Monday, June 09, 2008

Yep, it's broken

(Why? Because I'm feeling rather pessimistic today.)

Whose Presidency will leave us with a better country in four to eight years, Barack Obama or John McCain?

The fact that people are seriously asking and trying to answer this question is proof that the American Constitutional system is horribly broken, possibly beyond repair. The President should have little or no power to do anything that would so drastically affect the situation in our country.

Congress is the preeminent branch of the federal government. The President and the Courts are bound by the laws of Congress as well as the Constitution, since the Executive exists to enforce the laws passed by the Legislature and the Judiciary exists to rule on whether or not particular instances of governmental activity or state and local law violate the laws passed by the Legislature. Congress is bound only by itself and the Constitution (since the Constitution grants it its powers, since it is in charge of its own internal laws and since it is in charge of trying impeachments).

Moreover, the scope of the power and authority of the federal government is itself proscribed by the Constitution. The federal government has only those powers explicitly given to it. The States have all powers except those explicitly denied to them. The States are sovereign in all areas but those areas where they gave up sovereignty to enter into union under the Constitution. So not only should Congress have a greater effect on the country than either the President or the Supreme Court, but State and local officials should have a greater effect on the life of their citizens than any federal official should.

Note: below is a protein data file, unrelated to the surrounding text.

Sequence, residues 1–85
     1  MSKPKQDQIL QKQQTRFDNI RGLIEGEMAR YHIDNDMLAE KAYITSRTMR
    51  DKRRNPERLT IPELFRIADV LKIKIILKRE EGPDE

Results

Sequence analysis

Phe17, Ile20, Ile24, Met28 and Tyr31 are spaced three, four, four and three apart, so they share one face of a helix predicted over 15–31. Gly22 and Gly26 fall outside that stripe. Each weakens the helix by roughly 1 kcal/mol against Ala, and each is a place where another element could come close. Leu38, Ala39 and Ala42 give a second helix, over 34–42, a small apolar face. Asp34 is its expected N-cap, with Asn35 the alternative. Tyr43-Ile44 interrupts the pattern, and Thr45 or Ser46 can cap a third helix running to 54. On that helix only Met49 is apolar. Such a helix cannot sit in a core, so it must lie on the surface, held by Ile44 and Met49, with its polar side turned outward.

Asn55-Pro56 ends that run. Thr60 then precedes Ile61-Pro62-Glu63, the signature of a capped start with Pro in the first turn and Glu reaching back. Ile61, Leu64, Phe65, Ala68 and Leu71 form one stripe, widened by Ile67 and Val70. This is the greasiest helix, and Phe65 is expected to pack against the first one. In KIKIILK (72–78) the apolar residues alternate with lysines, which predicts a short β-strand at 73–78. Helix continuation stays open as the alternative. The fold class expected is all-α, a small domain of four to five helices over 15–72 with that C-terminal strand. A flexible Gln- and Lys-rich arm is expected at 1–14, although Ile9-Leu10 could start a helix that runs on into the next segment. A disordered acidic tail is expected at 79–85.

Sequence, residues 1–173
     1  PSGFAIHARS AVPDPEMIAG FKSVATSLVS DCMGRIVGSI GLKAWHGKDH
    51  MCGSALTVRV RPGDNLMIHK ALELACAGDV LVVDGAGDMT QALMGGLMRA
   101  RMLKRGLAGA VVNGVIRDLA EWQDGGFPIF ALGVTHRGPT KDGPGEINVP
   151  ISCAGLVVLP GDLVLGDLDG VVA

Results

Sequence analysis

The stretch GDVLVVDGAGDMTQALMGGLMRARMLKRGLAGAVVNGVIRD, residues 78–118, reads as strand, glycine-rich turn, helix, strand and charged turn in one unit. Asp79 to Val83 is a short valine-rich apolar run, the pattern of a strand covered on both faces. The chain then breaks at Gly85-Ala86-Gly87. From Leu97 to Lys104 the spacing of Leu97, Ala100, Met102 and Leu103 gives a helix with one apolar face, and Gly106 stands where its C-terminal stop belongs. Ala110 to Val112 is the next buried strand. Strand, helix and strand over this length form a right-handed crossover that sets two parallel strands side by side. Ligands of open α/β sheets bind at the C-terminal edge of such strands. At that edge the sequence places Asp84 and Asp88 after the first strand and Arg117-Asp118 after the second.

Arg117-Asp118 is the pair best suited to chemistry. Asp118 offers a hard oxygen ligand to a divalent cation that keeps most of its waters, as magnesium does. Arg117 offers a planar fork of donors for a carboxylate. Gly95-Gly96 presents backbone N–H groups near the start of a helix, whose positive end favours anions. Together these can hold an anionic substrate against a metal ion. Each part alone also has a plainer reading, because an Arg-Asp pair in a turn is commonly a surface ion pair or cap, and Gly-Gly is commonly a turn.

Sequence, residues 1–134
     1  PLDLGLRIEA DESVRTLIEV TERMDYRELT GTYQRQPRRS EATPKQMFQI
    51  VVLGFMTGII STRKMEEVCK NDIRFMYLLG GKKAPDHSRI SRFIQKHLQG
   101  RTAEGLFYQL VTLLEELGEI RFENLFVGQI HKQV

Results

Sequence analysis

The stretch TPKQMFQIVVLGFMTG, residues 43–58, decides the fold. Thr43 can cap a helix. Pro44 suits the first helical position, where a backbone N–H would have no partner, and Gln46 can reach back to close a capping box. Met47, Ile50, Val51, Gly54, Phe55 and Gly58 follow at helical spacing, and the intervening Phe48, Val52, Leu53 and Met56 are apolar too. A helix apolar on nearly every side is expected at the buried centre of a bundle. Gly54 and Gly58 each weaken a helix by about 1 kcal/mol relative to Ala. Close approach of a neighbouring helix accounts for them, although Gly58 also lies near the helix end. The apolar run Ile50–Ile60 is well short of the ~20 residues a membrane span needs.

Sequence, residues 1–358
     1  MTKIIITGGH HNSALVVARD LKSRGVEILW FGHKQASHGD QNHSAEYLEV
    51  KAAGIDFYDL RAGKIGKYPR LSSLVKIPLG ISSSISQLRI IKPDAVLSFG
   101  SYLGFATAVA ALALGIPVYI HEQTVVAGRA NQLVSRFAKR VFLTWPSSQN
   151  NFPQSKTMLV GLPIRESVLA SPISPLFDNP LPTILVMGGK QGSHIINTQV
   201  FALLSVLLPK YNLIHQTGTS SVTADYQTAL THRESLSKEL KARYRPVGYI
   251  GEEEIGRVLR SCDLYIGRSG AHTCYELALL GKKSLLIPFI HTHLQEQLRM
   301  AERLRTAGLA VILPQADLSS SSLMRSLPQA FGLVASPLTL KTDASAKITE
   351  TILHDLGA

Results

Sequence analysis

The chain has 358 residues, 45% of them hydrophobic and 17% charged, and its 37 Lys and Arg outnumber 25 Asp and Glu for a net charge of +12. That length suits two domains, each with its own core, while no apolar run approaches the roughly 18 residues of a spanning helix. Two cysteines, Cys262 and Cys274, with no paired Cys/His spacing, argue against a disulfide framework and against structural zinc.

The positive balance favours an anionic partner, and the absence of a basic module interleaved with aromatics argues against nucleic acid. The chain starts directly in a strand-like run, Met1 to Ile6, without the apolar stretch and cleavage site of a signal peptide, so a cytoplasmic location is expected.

The whole thing is upside-down and bass-ackwards. The only positive is that it will almost certainly fall apart sooner rather than later. The continental United States is far too large to be so centralized and survive. Its all a matter of scale.

1 comment:

Kyle R. Cupp said...

Ron Paul may never have stood a chance, but I'm glad he ran, if for no other reason than to remind us of of what "defined powers" means.